Haemophilia: Medical Treatments:Written question - 154637

Asked by Diana Johnson
(Kingston upon Hull North)
Asked on: 18 June 2018
Department of Health and Social Care
Haemophilia: Medical Treatments
To ask the Secretary of State for Health and Social Care, what steps the Government is taking to increase the uptake of extended half life treatment by people with (a) haemophilia A and (b) haemophilia B.
Answered by: Steve Brine
Answered on: 26 June 2018

Extended Half Life products are relatively new products for which data is maturing and is collected via the UK Haemophilia database. These products provide an appropriate treatment for some patients.

NHS England, through the Commercial Medicines Unit (CMU), undertakes national tenders which allow all companies who produce plasma, recombinant and extended half-life products to submit prices to be included in the national pricing framework. The relative prices are used to determine commissioning access for all products, including extended half-life products.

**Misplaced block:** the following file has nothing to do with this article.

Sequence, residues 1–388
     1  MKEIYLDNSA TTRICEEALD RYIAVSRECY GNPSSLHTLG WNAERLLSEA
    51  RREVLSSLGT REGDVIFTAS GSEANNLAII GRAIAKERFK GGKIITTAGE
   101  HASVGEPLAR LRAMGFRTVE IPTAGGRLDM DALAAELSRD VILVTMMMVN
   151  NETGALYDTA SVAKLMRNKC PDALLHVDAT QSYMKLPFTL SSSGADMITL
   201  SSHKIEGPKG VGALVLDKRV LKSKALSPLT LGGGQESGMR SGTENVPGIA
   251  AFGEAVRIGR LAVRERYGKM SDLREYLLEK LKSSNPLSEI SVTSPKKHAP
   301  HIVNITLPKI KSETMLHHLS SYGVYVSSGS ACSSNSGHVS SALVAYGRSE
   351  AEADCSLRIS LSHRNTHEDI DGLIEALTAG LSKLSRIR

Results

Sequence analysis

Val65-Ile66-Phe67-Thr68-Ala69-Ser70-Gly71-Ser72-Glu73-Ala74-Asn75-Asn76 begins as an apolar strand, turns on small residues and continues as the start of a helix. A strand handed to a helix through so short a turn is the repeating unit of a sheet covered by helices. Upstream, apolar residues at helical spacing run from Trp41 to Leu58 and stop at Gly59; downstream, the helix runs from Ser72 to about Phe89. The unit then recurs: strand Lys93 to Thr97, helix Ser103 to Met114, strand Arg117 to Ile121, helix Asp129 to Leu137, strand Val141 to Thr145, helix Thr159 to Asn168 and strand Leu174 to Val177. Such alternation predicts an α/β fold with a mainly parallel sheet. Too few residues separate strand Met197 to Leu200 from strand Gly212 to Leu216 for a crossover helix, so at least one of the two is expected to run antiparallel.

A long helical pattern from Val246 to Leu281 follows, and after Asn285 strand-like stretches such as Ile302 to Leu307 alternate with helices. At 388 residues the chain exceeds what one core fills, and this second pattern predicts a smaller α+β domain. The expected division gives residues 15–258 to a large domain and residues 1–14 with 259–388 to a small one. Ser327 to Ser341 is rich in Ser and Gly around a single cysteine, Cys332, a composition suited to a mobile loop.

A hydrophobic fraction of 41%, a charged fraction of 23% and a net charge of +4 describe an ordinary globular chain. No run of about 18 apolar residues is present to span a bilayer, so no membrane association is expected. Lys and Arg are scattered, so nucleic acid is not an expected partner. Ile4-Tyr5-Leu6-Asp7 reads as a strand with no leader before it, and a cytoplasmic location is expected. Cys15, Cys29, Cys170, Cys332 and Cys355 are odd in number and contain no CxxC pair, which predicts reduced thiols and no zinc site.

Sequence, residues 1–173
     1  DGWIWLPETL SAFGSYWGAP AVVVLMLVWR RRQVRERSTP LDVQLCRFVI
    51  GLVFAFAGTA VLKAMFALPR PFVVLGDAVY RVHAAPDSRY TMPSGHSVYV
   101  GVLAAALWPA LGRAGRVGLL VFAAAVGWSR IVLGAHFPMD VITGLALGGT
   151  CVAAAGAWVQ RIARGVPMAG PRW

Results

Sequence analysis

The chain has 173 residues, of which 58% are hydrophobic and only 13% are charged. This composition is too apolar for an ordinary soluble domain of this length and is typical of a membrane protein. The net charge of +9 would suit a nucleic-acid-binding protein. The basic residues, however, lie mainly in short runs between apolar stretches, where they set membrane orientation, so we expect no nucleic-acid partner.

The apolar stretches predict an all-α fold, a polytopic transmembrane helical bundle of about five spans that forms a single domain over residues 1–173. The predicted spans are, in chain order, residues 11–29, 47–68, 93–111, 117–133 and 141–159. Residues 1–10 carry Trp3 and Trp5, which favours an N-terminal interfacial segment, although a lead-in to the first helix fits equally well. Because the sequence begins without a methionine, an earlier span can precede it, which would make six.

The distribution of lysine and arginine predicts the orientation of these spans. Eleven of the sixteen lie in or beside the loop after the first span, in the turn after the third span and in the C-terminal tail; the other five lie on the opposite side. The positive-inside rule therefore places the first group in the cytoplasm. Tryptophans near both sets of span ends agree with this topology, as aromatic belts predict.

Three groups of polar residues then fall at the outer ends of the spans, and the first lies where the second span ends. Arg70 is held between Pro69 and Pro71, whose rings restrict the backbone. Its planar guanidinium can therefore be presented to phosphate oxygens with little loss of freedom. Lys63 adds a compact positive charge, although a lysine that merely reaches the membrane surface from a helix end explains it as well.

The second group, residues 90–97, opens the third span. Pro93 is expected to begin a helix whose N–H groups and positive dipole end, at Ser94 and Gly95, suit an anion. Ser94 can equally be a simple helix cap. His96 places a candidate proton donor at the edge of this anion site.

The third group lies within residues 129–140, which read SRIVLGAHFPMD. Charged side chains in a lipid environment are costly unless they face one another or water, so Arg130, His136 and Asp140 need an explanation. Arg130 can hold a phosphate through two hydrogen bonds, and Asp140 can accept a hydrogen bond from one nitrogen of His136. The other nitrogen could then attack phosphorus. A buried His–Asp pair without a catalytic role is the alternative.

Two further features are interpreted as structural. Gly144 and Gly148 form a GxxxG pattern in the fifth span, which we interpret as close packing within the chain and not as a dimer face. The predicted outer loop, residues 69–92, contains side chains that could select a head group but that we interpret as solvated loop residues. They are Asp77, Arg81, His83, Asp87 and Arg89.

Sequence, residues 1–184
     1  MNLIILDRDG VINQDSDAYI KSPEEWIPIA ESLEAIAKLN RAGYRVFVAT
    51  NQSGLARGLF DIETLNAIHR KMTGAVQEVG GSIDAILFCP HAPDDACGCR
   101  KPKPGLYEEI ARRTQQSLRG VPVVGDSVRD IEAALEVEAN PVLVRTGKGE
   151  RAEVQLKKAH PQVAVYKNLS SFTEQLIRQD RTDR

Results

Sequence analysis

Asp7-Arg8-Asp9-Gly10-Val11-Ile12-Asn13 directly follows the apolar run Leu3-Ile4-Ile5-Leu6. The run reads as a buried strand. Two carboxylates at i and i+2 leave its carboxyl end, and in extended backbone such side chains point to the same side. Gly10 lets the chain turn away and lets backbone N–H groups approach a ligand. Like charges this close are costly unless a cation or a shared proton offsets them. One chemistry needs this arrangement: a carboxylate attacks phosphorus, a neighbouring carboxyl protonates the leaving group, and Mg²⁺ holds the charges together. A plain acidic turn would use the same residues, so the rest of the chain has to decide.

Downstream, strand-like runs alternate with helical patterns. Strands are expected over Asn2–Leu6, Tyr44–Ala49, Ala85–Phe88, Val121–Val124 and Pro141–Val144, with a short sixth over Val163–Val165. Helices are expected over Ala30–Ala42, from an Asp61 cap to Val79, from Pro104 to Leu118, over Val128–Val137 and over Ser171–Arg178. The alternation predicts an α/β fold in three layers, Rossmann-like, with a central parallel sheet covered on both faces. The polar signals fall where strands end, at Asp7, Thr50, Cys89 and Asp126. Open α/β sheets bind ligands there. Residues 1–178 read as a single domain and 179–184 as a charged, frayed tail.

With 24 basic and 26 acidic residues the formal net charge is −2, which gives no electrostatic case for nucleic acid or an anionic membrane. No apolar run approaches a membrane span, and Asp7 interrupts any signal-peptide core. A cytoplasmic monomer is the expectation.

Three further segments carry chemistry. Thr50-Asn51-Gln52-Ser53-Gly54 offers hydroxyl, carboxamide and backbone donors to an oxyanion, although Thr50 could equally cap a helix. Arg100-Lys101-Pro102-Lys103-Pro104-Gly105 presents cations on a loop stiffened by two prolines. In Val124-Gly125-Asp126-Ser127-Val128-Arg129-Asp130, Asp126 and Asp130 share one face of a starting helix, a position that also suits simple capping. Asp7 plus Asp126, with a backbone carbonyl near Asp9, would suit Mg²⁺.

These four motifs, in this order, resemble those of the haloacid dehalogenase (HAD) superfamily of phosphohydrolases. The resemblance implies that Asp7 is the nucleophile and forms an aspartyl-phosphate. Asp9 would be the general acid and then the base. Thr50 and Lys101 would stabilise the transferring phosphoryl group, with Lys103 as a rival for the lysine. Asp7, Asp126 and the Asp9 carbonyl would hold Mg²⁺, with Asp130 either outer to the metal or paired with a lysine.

Through commissioning processes such as the Haemophilia Quality Dashboard, patient experience of treatment and its outcomes in relation to bleeds and joint scores is kept regularly under review. The opportunity to continuously improve the patient experience and value of treatment with similar or improved clinical outcomes is an area for further assessment based on new and emerging data.

There are a number of new therapeutic agents for haemophilia, including extended half-life products, and many patients are being recruited to clinical trials or early access schemes for new products. When assessing tenders for haemophilia products, NHS England takes into account the clinical outcomes to be achieved, the data available on the products and the prices offered. The aim is to deliver access to a range of treatments to meet individual patient need whilst supporting the use of clinically appropriate lowest cost options to achieve the outcomes required. This process has delivered both access to new treatments and substantial savings. No review of the tendering process is planned.

NHS England regularly reviews its tender framework for blood products to ensure a range of treatments are commissioned to meet individual patient and maximises the use of clinically appropriate lowest cost options to achieve the clinical outcomes required.

An assessment of comparative uptake compared to the uptake in Ireland, Canada and the European Union has not been undertaken.

Grouped Questions: 154638 | 154639 | 154640

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